Some of Australia’s cultural institutions are starting to get this.

Another image available freely online as part of the Powerhouse Museum Collection. Powerhouse Museum/Flickr

Another image available freely online as part of the Powerhouse Museum Collection. Powerhouse Museum/Flickr

The NSW State Library has appointed a Wikipedian-In-Residence to contribute expertise and train the public in publishing information online.

The National Library of Australia has attracted a large online user base with its online Trove service attracting almost 70,000 unique users each day.

The Powerhouse Museum has made parts of their photographic collections available on Flickr via Creative Commons licensing. This has caused a surge in the level of use and allowed the public to contribute information, adding value to the collection.

While these examples provide a lot of hope for the sector, the unfortunate reality is that they are few and far between. Most of Australia’s cultural institutions have not kept pace with this change and are missing the opportunity to better connect and actually increase their revenue.

Digitise this!

Australia’s eight national, state and territory art organisations hold archives that, if laid out flat end-to-end, would span 629km. This is on top of a staggering 100,000 million artworks, books and audio-visual items in Australia.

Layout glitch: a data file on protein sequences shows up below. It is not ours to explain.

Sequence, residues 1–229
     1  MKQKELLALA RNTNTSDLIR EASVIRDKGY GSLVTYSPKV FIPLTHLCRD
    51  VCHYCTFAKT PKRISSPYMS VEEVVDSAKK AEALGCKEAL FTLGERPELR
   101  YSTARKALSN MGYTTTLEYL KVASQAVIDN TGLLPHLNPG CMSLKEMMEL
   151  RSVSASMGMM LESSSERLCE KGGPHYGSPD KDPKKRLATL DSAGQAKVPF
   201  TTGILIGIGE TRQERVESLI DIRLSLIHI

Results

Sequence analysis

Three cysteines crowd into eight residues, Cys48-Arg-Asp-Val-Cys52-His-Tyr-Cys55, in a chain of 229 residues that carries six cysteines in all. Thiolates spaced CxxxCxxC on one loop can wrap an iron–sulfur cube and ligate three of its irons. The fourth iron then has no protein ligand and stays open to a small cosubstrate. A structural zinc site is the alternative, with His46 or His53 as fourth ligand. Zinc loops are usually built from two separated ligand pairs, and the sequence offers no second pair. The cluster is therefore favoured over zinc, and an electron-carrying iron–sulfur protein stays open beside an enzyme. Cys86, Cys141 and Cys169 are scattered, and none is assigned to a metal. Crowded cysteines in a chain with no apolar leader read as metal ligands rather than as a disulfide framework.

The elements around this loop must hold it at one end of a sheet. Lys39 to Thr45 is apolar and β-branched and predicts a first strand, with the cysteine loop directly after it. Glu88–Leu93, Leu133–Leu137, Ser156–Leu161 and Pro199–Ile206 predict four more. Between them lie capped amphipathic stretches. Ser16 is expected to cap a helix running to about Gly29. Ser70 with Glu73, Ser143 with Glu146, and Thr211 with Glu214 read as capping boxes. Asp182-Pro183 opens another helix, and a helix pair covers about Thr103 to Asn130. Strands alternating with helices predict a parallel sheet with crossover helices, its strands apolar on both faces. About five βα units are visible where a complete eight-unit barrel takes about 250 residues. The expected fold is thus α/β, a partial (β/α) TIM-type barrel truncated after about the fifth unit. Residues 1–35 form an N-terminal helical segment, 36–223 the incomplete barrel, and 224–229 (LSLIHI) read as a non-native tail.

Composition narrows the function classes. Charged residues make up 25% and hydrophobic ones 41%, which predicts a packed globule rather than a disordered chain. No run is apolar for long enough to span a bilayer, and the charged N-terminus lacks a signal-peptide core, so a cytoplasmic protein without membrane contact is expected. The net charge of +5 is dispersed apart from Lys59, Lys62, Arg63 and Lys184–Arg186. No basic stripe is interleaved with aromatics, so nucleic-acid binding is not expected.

But only a quarter of these items are digitised, with some of Australia’s collections still being managed through “old school” mechanisms such as log books and card indices.

Imagine if there was a fire at one of our great institutions? We would risk losing cultural and heritage material of significance. Parts of our history could be completely lost. Even without such a devastating event, if we don’t make our collections more accessible, in a sense they’ll be lost to many of us anyway.

As a country, not only do we need to get moving when it comes to digitising our collections, we also need to explore new and innovative ways to do this. Traditionally, digitisation has meant scanning flat documents, photographing objects or creating electronic versions of catalogue data.

But what if we could do so much more? Researchers are now focused on the next challenge: digitising objects and spaces in three dimensions.

Researchers from the University of Wollongong with support from the Smart Services CRC are focusing on capturing 3D models and the textures of surfaces using low-cost equipment such as a Kinect camera from an Xbox.

3D map of The Shrine of Remembrance, Melbourne

3D map of The Shrine of Remembrance, Melbourne

At CSIRO, we’ve even used our own handheld scanner Zebedee to map culturally and environmentally significant sites suchb as the Jenolan Caves, Melbourne’s Shrine of Remembrance and even a semi-submerged wreckage of the HMQS Gayundah.

We’re also creating high-quality 2D and 3D image libraries based on the National Biological Collections, letting us document biodiversity in the digital era.

Embracing the digital economy

While our study reveals that Australia’s cultural institutions are certainly at risk of becoming “digital dinosaurs”, it also demonstrated how those organisations that are embracing digital are reaping the benefits.

It provides recommendations for the GLAM industry in order for it to maximise its digital potential, including:

  • shifting to open access models and greater collaboration with the public